Frequently Asked Questions
“My dogs have strong breath. Do you have anything to help with that?”
Good breath starts with excellent digestive health. Choose a dog food that has the highest quality ingredients, prebiotics and probiotics to help restore the balance of “good” and “bad” bacteria. Bad breath can also come from mouth problems—you should see your veterinarian routinely to make sure there isn’t a problem with plaque, tartar or something more serious. Daily tooth brushing is also recommended to keep teeth and gums as healthy as possible.
“Is it OK to pick up a new flea collar at the grocery store?”
Another common scenario in the clinic is when we ask clients about which flea or tick control products they are using, and are often told over the counter products picked up at the local feed store or supermarket. As a veterinarian of nearly 20 years, I can tell you that many of the local topical reactions as well as rare whole body reactions, often occurs in pets treated with cheaper imitation topical spot-on products purchased over the counter.
And while rare reactions can occur with any topical pesticide, I do recommend that clients stick with the more tried and tested long standing flea and tick. This is for both performance and safety reasons.
“What Are Hot Spots on Pets?”
Hot spots is a skin disease (dermatitis) caused by your pet’s allergic reaction. Derm means skin, and “itis” means inflammation, so your pet will have itchy, inflamed skin. Biting insects and fleas are common causes. Often the skin becomes smelly because yeast and bacteria grow well on unhealthy, inflamed skin. When your pet scratches the bacteria are rubbed deep into the skin and hot spots develop. Hot spots are just infected sores. Pets with flea allergy dermatitis are so sensitive they can develop hot spots if bitten just twice a month by fleas. Your pet is having an allergic reaction to flea saliva, feces and exoskeleton.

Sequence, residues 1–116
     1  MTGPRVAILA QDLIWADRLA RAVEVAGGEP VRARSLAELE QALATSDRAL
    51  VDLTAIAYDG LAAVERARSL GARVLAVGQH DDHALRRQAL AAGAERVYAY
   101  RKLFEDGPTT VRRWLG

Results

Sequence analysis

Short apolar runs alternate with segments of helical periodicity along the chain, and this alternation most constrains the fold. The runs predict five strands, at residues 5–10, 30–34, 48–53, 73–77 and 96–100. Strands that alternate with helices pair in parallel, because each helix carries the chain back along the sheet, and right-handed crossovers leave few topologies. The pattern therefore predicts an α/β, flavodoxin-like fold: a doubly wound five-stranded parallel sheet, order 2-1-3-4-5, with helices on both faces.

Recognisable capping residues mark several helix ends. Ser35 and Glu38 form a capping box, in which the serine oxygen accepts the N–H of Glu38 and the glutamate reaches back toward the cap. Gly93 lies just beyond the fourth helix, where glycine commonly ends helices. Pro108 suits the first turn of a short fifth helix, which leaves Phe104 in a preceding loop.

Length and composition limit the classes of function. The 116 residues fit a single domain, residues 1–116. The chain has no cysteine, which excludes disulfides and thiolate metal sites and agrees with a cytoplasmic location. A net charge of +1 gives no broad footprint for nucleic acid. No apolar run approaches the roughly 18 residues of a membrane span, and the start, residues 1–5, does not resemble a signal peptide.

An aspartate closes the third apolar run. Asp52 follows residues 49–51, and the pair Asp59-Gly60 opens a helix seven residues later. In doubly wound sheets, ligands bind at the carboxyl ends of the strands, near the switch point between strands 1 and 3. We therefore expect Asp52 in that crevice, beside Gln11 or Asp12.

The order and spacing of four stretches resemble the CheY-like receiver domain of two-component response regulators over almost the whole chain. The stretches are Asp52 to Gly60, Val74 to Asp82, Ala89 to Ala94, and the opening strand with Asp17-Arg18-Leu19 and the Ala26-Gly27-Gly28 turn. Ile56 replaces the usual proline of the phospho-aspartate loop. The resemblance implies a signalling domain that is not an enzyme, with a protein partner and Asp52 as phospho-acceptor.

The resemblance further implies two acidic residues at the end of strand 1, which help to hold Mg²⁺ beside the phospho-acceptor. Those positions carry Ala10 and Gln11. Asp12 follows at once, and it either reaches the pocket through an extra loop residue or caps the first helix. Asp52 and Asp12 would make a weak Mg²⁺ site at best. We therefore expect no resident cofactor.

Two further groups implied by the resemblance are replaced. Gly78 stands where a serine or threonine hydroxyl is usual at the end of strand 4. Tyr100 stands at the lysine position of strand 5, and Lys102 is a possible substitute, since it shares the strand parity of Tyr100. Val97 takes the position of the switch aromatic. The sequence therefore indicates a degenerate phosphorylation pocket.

“What are Allergies in Dogs and Cats?”
Allergies in dogs and cats occur when the immune system overreacts to something that isn’t really a threat. For example, reacting to peanuts, air-borne pollen, or laundry detergent—none of which should cause harm. The material that causes an allergic reaction is called an antigen. Antigens are usually proteins. The term “allergen” is often used rather than the term antigen, but these two terms are slightly different. Antigen refers to any substance causing allergies, and allergen refers to ingested or air-borne substances causing allergies.
It helps to group antigens into three categories and to realize that your pet can be allergic to materials from more than one category:
- What your pet eats (foods, additives, preservatives, dyes, food storage mites);
- What your pet breathes (cigarette smoke, pollens, perfumes, particles released from carpet underlays, cat dander, decks treated with a preservative); and
- What your pet’s skin comes into contact with (dust mites, fleas, soaps, wool).
Pet allergies are additive so that the more antigens your pet is exposed to, the more severe the symptoms. For example, pets with allergies to beef often develop more extreme symptoms in the spring when surrounded with high levels of pollens.